AVI110 - Meteorology

Outline info
Last revision date 2018-07-06 15:54:27.022
Last review date 2018-07-06 15:54:27.024

Subject Title

Subject Description
This subject provides a detailed study of the theory of aviation meteorology.  Students will examine the physics, complex structure and movements of the atmosphere, and their influence on climate and weather conditions, including violent weather phenomena such as thunderstorms, cyclones, tornadoes, lightning and hurricanes.  Various weather services, such as Environment Canada and Nav Canada will be discussed, as well as the information they provide to air crews for flight planning.  Students will learn to interpret weather reports and forecasts and use this information to mitigate flight dangers.

Credit Status
One credit toward the Aviation Commercial Pilot Certificate

Learning Outcomes
Upon successful completion of this subject the student will be able to:

Upon successful completion of this subject the student will be able to:
-  describe the composition and structure of the earth's atmosphere
-  explain weather systems and storm development
-  identify weather hazasrds which impact aviation safety
-  recognize different types of clouds and describe their characteristics and the mechanisms that lead to their formation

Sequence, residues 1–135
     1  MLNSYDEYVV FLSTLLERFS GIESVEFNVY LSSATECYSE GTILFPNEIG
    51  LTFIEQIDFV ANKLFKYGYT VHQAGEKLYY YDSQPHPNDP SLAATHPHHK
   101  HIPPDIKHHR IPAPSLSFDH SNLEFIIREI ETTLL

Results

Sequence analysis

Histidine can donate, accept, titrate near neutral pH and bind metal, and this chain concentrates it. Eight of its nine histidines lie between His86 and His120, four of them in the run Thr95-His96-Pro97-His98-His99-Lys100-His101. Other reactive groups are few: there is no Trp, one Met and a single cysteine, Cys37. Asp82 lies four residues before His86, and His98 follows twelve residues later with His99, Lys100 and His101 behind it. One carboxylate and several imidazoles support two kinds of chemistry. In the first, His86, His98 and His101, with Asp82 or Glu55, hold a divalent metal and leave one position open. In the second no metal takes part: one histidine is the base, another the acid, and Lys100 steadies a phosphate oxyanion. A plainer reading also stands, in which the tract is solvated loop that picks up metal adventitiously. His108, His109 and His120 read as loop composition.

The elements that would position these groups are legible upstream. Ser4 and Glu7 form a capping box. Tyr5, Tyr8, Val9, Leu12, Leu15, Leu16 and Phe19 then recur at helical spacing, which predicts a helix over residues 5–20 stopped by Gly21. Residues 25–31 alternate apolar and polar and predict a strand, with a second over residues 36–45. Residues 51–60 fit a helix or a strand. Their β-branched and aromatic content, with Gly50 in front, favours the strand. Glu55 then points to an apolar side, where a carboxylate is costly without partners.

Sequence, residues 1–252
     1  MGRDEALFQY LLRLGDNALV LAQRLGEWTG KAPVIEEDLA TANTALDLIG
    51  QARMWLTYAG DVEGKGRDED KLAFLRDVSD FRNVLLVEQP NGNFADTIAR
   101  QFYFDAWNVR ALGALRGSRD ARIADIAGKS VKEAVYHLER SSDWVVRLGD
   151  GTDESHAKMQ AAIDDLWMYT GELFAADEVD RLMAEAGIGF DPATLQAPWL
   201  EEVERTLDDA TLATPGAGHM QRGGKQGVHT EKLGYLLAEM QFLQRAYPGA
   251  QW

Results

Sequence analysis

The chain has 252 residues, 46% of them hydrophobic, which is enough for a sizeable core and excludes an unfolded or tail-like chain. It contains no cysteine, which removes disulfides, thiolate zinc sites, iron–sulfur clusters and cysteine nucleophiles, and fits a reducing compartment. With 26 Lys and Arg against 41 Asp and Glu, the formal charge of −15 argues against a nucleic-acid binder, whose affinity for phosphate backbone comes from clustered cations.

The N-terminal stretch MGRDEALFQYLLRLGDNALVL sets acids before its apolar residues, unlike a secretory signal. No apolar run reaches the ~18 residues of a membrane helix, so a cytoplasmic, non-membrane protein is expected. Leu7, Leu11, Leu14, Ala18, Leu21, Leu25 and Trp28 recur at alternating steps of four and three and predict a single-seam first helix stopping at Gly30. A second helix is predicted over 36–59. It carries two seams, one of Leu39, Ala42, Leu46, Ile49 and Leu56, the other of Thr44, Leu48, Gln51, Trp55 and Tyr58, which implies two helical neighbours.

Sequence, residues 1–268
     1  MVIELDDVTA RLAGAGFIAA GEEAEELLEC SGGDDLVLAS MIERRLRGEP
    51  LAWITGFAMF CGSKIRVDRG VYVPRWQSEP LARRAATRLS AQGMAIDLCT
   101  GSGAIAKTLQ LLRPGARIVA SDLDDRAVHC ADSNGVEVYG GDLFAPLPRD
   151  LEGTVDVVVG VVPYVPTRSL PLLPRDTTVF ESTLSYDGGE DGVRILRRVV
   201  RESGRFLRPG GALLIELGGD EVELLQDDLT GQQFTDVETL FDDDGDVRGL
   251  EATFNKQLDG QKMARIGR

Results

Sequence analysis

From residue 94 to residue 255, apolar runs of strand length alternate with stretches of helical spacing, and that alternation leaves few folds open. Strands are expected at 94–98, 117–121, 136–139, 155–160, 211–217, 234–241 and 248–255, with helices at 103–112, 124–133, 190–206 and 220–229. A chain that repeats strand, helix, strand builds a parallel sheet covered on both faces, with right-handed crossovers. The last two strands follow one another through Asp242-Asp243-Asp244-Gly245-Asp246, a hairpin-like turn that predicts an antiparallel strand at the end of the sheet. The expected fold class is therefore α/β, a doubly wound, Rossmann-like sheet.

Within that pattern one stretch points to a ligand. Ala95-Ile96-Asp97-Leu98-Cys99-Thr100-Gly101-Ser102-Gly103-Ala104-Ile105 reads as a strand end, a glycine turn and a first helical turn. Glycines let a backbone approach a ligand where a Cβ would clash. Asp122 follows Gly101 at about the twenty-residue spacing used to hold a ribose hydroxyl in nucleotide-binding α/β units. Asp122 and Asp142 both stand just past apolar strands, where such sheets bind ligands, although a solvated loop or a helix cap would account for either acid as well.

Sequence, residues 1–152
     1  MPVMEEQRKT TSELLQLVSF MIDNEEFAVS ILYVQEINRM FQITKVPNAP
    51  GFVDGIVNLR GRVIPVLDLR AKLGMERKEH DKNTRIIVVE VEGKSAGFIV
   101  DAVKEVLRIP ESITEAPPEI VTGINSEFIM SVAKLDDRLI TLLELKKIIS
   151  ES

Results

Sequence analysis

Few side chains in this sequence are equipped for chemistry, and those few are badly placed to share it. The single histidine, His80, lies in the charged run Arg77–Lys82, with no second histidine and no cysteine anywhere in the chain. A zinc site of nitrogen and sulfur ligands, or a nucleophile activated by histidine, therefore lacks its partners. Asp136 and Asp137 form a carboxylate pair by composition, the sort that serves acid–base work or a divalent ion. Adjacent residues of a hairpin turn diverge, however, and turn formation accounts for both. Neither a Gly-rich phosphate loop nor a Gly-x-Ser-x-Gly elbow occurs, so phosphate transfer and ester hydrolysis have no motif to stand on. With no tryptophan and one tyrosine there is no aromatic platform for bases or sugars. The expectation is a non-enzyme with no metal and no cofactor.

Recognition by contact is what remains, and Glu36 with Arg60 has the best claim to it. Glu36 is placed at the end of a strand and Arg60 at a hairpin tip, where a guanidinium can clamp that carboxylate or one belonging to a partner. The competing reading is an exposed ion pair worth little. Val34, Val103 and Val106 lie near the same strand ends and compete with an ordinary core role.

-  list the types of winds in the atmosphere and describe the mechanisms of their formation
- describe the properties of various air masses and fronts to predict weather
-  retrieve, decode and interpret information from forecasts, satellite imagery and weather reports
-  understand the decisionmaking process undertaken by air crews in determining flight GO, DELAY or CANCELLATION related to meteorological conditions
-  use meteorological knowledge to plan safe flights under a variety of conditions, by proposing strategies to mitigate threats.

Essential Employability Skills
Communicate clearly, concisely and correctly in the written, spoken and visual form that fulfils the purpose and meets the needs of the audience.

Execute mathematical operations accurately.

Apply a systematic approach to solve problems.

Use a variety of thinking skills to anticipate and solve problems.

Locate, select, organize, and document information using appropriate technology and information systems.

Analyze, evaluate, and apply relevant information from a variety of sources.

Cheating and Plagiarism
Each student should be aware of the College's policy regarding Cheating and Plagiarism. Seneca's Academic Policy will be strictly enforced.

To support academic honesty at Seneca College, all work submitted by students may be reviewed for authenticity and originality, utilizing software tools and third party services. Please visit the Academic Honesty site on http://library.senecacollege.ca for further information regarding cheating and plagiarism policies and procedures.

All students and employees have the right to study and work in an environment that is free from discrimination and/or harassment. Language or activities that defeat this objective violate the College Policy on Discrimination/Harassment and shall not be tolerated. Information and assistance are available from the Student Conduct Office at student.conduct@senecacollege.ca.